The insider's scoop on food, travel & southern culture
Spring has sprung. Well… kind of.
With the official turn of the season last week, I was expecting the sprouting of spring flowers and a flittering of little animals emerging from hibernation. Instead, the beginning of the week brought snow. More snow. Not exactly surprising for DC at this time of year, but it doesn’t mean it was welcome. (Keep in mind, I’m a Southern girl. Coping with this winter weather will always be hard for me.)
I guess I’m just getting antsy. (Aren’t we all?) I’m getting antsy for springtime and everything that it brings. Living in DC, there’s a unique event that marks the turn of the season. It signals the demise of winter weather and breathes new life into the city’s landscape and into Washingtonians. Our beloved cherry blossoms! Nothing quite coaxes me out of hiding like those pale pink blooms.
As many of you know, the cherry blossoms were a gift from the Japanese back in 1912, and they’ve since become an iconic part of our springtime topography. The National Cherry Blossom Festival spans a few weeks each year, marking the unofficial start of spring in Washington, DC. This year’s peak—that is, when 70% of the blossoms have bloomed—is projected to be between April 6 and April 10. Good timing for this year’s Cherry Blossom Run (April 7); nice to know I’ll have those beautiful blooms cheering me on!
If there’s one thing you should have learned by now about DC, it’s that everything’s a cause for celebration, particularly in the food world. So quite fittingly, a number of DC’s restaurants will be honoring the blooming of the cherry blossoms with various specials. I mean, hey… us Washingtonians have to stick to what we do best: politics, yes, but also food. And cocktails!
Speaking of cocktails, allow me to recommend the Sparkling Sakura, from Quill at the Jefferson. The bartender whips it up for you with Sake, Prosecco, cherry puree and a cherry blossom syrup (prepared with a cherry blossom tea infusion). I like their cherry blossom spirit.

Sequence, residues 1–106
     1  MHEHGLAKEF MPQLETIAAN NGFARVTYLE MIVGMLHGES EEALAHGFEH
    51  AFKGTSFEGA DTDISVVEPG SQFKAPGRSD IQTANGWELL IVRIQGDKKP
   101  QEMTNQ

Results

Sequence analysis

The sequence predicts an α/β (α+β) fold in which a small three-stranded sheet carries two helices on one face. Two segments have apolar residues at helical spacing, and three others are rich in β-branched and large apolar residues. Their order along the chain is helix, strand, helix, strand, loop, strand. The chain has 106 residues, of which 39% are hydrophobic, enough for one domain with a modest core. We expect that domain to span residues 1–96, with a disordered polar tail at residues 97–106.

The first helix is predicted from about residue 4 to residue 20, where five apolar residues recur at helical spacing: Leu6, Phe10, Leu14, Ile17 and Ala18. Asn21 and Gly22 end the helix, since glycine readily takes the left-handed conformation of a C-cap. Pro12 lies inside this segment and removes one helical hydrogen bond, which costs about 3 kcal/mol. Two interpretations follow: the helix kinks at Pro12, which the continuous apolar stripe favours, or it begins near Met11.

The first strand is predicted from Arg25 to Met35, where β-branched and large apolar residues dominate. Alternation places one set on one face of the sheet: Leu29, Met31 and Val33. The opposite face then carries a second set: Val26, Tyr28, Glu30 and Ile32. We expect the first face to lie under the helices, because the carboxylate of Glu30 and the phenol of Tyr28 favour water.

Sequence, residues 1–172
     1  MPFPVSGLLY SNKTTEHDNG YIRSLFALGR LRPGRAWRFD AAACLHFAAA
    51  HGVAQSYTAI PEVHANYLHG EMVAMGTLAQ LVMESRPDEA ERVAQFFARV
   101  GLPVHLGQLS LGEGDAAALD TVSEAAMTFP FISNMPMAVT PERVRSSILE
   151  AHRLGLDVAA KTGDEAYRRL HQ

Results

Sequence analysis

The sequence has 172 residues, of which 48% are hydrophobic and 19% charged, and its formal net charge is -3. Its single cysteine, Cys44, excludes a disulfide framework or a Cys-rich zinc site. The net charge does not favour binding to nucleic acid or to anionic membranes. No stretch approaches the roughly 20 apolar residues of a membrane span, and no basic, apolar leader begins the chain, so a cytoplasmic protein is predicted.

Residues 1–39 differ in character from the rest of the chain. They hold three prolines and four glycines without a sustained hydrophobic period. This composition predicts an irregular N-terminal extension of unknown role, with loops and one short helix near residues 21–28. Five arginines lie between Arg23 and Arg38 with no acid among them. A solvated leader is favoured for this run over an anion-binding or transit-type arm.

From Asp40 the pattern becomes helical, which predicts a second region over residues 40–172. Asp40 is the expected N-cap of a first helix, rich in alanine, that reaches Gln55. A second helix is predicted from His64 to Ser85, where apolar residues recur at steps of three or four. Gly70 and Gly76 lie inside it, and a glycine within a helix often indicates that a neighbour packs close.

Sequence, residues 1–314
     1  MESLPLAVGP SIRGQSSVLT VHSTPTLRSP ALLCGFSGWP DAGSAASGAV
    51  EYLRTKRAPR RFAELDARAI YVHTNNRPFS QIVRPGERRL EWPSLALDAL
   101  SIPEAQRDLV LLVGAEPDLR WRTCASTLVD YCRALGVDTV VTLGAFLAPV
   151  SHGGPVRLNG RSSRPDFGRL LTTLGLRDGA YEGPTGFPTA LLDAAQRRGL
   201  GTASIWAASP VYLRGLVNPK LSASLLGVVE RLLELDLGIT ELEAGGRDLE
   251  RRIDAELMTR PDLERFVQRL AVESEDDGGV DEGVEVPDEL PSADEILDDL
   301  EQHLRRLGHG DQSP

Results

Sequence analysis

Passion Food Hospitality’s downtown restaurants—Acadiana, Ceiba, DC Coast, District Commons—are all offering the Cherry Gin Rickey as a toast to spring. This classic dram is one of my favorites, made with Small’s Gin, Leopold’s Tart Cherry Liqueur, lime juice, soda and Fee Brothers’ Cherry Bitters. And of course, a cherry garnish!
After a few cocktails, you’re probably ready for some food. It’s quite lucky that Chef Robert Wiedmaier has rearranged the menu at Brasserie Beck into the ultimate cherry blossom tribute. His Grilled Gulf Shrimp in a Cherry Balsamic Vinaigrette is served with baby arugula, toasted hazelnuts and barrel-aged feta. But be careful not to overlook the Slow Roasted Pork Tenderloin in a Sour Cherry Demi-Glace.
If you’re looking for something on the lighter side (or if you just happen to be loitering around the Courthouse Metro), Bayou Bakery, Coffee Bar & Eatery is serving up a Cherry & Arugula Salad—whole organic cherries (hydrated with fresh-squeezed orange juice), chick peas, toasted almonds, feta, honey and Trickling Streams Creamery Yogurt Dressing. Sounds like the lunchtime winner.
In addition to the Cherry Gin Rickey, Ceiba also has a festive cocktail + appetizer combo. The Cereza Bloom Cocktail is mixed from Veev Acaí Spirit, Leopold’s Cherry and sour mix, while the Cherry Blossom Aperitivo is a traditional Spanish comfort soup, served with duck meatballs and cherry ranchero salsa.
Alright, if for some reason you don’t cherries with your meat, how do you feel about cherries with your chocolate? That’s what I thought. How do you feel about cherries atop a traditional German chocolate cake? Might want to check out Brasserie Beck’s Black Forest Cake, served with cherries spiked in brandy and Chantilly Cream. This Chef Wiedmaier must be a real cherry-lover.
The only dessert that may rival is Plume’s Pistachio Crème Brulee with a cherry compote and Yuzu Japanese Lemon Ice Cream. You be the judge, I’m full.
I’m Simone. And this is what simonesez…